|In a press release, 30 Jan 2003, President G.W. Bush stated: I am pleased to announce that the United States will join ITER [definition: "the way" in Latin.], "an ambitious international research project to harness the promise of fusion energy. The results of ITER will advance the effort to produce clean, safe, renewable, and commercially-available fusion energy by the middle of this century. Commercialization of fusion has the potential to dramatically improve America's energy security while significantly reducing air pollution and emissions of greenhouse gases. The United States will be working with the United Kingdom, other European Union nations, Russia, China, Japan and Canada on the creation of ITER. Today, I am directing the Secretary of Energy to represent the United States at the upcoming ITER meetings in St. Petersburg, Russia. We welcome the opportunity to work with our partners to make fusion energy a reality."|
China To Build Its Own Fusion Reactor, Beijing (UPI) July 1, 2005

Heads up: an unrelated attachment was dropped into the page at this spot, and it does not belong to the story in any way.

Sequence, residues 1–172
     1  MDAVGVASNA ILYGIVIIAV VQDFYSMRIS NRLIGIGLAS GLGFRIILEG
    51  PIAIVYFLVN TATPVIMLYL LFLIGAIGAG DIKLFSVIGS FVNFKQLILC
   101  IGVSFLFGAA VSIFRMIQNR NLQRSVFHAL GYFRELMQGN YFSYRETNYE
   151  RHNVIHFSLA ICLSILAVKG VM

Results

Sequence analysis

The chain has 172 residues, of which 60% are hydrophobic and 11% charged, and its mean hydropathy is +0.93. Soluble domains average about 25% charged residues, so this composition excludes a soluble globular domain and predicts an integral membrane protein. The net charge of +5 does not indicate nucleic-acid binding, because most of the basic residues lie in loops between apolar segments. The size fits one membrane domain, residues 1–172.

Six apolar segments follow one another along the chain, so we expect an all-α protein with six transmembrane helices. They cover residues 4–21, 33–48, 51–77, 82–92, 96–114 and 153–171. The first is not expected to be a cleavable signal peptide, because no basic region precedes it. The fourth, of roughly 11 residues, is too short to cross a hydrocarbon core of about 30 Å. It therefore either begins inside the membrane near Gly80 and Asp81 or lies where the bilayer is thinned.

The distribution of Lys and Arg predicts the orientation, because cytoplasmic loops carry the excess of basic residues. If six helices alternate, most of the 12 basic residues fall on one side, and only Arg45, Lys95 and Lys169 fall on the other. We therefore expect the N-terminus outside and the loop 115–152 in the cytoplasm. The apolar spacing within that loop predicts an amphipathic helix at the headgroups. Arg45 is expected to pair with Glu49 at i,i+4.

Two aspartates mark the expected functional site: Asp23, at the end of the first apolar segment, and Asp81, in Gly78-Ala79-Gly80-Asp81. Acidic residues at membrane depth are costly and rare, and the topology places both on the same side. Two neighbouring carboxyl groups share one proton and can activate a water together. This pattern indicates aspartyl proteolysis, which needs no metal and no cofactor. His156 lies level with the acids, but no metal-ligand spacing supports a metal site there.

Days after France was chosen as the site for an experimental nuclear reactor based on fusion technology, state media said Friday China will build its own. The six nations participating in the International Thermonuclear Experimental Reactor project reached agreement in Moscow to construct the first fusion technology facility at Cadarache, near Aix-en-Provence, France. The ITER project, aimed at developing fusion-generated electricity, was formed by the United States and Japan in the late 1980s. China joined in 2003. The European Union (represented by Euratom) will pay 50 percent of the projected $12 billion cost of the experimental facility while the United States, Russia, China, Japan and South Korea will each contribute 10 percent.
Construction at the French site is expected to begin soon with the first fusion energy experiments possibly starting in 2016. Scientists believe it will take at least 50 years before the first commercial use of ITER goes on line. In the meantime, China has decided to take data from the international project and build its own fusion plant. Quoting an unnamed "leading Chinese plasma physicist" it interviewed Thursday, the official Xinhua news agency announced: "The ultimate goal of Chinese scientists is to build thermonuclear experimental reactors with their own efforts." The anonymous source who made the statement claims to have access to the ITER project. "International cooperative endeavors like the ITER make us keep abreast of the world's most advanced technologies," the source said, adding: "We're entitled to share all top-notch know-how once we entered the global consortium." Once the decision was made in Moscow, Chinese Minister of Science and Technology Xu Guanhua stated, "As China is short of energy, global research endeavors for energy supply solutions meet our strategic interest."